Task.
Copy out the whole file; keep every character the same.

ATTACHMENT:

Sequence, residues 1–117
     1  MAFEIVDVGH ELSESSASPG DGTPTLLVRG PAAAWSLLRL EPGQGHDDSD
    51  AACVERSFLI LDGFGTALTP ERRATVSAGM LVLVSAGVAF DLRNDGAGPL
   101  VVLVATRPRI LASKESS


Sequence, residues 1–117
     1  MAFEIVDVGH ELSESSASPG DGTPTLLVRG PAAAWSLLRL EPGQGHDDSD
    51  AACVERSFLI LDGFGTALTP ERRATVSAGM LVLVSAGVAF DLRNDGAGPL
   101  VVLVATRPRI LASKESS